Property prices are going crazy in Malaysia, and in particular, the Klang Valley. With average urban household incomes hovering in the RM50-60k per annum range, the average house in KL costs RM700k. That’s just ridiculous. While it’s everyone’s dream to own a home, i think the market has made it impossible to do so.
A typical unit at Ameera is on the market for RM750,000. Given a 90 per cent margin of financing (MOF) over a 20 year tenure, the monthly loan repayment for a unit there works out to be about RM4,855.
Conventional wisdom tells you that you should spend no more than 1/3 of your salary to pay for your home mortgage. Any more, and you begin to run into serious problems, including an inability to put aside enough savings. If you have to pay nearly RM5k monthly, that means you need to make RM15k a month, as a family. How many families do? How many jobs even offer that much? The average salary for an experienced employee in KL is… RM5k per month? How much does a fresh graduate make? RM2k?
To hit that RM15k a month household income, perhaps we should encourage more men to take several wives, preferably those who make good salaries!
Expect to see a lot of 30-somethings, married or single doesn’t matter, to still be living with their parents because they can’t afford to move out. It’s just sad, but real.
Owning a home is probably the single most important asset you can have. Your home is your base, your landmark, the rock upon which you build your life and your family. Going through life without one, is terribly frustrating.
To illustrate his frustration, the DJ quoted prices at the Menara Duta complex in the Segambut area which he says has gone from RM250,000 for a renovated unit at the end of last year to RM330,000 now for a standard unit — a jump of 32 per cent in less than a year.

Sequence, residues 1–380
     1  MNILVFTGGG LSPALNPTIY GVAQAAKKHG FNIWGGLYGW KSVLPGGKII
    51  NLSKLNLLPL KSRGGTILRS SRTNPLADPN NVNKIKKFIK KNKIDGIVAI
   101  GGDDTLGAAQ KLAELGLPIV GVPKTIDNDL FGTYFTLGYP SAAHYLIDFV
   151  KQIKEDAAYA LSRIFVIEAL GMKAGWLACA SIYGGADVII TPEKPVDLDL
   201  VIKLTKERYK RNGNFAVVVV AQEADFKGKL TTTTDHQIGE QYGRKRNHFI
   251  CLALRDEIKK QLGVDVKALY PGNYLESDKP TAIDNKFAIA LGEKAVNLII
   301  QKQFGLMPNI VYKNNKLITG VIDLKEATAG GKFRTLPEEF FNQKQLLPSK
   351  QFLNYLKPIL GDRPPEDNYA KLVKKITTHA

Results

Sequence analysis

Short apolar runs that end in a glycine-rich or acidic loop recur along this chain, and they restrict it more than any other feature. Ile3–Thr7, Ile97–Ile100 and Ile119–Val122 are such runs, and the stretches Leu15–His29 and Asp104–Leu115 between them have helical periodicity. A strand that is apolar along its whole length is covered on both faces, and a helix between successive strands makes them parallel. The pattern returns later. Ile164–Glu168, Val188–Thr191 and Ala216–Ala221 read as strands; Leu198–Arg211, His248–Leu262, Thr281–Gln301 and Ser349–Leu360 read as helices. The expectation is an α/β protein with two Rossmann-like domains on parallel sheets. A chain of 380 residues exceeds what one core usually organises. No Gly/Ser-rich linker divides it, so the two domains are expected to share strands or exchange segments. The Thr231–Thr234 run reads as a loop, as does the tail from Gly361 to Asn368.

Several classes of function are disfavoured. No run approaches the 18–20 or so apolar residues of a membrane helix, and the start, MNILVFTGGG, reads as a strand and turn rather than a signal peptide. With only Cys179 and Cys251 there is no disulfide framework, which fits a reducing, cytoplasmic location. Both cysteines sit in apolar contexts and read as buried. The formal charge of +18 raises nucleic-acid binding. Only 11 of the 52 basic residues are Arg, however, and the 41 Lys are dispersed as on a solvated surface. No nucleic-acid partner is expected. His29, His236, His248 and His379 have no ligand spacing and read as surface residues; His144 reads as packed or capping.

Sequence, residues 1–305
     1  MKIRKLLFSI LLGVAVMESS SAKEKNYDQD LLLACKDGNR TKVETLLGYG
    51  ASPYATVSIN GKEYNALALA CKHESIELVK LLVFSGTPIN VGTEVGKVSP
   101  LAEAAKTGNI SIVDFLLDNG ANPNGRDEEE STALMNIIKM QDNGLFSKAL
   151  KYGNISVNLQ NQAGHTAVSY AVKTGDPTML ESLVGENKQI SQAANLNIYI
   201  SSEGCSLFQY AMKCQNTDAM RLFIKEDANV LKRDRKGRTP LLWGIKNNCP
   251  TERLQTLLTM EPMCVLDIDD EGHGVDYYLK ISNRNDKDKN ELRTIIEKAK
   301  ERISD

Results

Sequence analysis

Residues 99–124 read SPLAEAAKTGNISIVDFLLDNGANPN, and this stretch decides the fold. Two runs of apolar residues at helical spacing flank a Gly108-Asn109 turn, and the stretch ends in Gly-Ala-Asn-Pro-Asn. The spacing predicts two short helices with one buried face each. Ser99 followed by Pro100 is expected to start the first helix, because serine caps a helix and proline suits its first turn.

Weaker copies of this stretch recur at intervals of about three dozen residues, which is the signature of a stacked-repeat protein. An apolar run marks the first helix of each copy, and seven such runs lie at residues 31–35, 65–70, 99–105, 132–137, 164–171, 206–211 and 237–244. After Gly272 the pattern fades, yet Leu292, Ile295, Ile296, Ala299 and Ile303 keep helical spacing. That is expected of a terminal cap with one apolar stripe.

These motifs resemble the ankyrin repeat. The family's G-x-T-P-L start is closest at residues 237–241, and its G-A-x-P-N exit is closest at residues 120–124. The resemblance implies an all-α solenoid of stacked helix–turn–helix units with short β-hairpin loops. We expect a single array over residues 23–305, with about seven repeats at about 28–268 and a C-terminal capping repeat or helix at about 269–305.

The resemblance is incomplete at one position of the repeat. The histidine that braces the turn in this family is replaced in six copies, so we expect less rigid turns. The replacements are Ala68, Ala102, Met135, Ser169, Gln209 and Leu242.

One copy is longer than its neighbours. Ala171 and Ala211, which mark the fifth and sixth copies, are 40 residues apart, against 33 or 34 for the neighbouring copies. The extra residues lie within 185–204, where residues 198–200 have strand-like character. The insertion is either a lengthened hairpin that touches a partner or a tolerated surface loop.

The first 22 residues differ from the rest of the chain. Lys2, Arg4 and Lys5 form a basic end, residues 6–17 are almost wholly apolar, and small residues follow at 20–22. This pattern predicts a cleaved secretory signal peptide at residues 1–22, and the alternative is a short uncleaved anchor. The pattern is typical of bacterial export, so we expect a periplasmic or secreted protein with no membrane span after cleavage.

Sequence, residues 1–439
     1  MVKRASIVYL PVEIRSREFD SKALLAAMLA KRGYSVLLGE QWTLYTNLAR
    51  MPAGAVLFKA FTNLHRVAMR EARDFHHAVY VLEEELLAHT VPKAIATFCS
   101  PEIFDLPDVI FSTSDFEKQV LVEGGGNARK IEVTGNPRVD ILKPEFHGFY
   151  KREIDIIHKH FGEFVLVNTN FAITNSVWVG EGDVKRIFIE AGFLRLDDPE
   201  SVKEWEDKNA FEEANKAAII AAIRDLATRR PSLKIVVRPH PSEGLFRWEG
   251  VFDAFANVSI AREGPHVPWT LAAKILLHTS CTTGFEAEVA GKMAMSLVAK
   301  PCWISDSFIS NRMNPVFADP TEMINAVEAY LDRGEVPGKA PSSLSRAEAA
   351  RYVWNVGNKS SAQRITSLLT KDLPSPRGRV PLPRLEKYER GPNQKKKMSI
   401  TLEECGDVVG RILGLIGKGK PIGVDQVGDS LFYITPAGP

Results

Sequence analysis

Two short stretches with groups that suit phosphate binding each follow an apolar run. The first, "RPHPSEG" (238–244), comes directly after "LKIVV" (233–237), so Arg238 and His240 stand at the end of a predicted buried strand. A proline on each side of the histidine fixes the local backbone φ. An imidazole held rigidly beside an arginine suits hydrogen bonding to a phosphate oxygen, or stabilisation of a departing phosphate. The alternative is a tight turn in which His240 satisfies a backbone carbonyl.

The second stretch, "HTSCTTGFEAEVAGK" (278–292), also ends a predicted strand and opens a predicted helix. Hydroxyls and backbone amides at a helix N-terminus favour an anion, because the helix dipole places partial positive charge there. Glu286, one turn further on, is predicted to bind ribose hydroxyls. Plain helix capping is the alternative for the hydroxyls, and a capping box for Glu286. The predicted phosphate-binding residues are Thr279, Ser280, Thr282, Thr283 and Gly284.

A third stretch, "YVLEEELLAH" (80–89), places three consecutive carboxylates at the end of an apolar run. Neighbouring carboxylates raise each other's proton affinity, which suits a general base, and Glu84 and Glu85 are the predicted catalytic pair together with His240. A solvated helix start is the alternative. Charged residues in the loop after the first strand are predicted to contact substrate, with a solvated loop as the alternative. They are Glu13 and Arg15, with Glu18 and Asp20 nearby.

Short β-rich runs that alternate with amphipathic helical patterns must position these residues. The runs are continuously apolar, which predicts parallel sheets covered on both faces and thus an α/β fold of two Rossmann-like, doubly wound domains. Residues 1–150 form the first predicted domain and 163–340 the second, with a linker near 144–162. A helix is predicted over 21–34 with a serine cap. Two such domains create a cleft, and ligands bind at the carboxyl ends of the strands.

“It’s unaffordable,” he said of current property prices.
Account manager Christopher Chew, 31, has also been hunting for a property in the past six months but has still not been able to find a suitable home to fit his RM300,000 budget.
Among developments he has looked at is the Cova Suites, a condominium development in the up-and-coming neighbourhood of Kota Damansara where a 1,300 sq ft unit is typically going for about RM450,000.
What can the Government do to help? The Government has done a lot to ensure the availability of low-cost housing, perhaps it’s now time for them to look into the needs of the middle class (whom also happen to make up a huge chunk of the electorate).
The recent idea of setting a cap of 80% mortgage loan will stop the speculators perhaps, and, in the long run, decrease the size of the property bubble, but it will chop the legs off the average Joe who will simple not be able to find the 20% cash to make the purchase.
Singapore has found an interesting compromise that i urge everyone to consider: cap the 70% mortgage loan for people buying their second home, but for those looking to buy their first home, keep it at 90%, or even increase it to 95%. Australia has an interesting model where home-owners are encouraged to buy home through a system of rebates (only if its the first home).
In order to keep check against Ali Baba purchases, a national database of homeowners needs to be setup (similar to the national database of loan facilities Bank Negara keeps on everyone of us). Keep track of who is buying what, flag any unusual purchases, and ensure that the right people are entitled to the right tiered rates. Also make it so that 1st Home Purchases cannot be immediately sold for at least 5 years, to deter buy-and-sell tactics to make a quick buck.
No average house is worth RM700k, not on the salary quantum most middle income Malaysians find themselves. The developers are riding the bubble, and at times, fueling it. The rich are getting richer, the middle class still can’t afford their homes (but are too middle income to qualify for low-cost housing!). Adam Smith’s Invisible Hand notwithstanding, the Government can’t allow this to continue.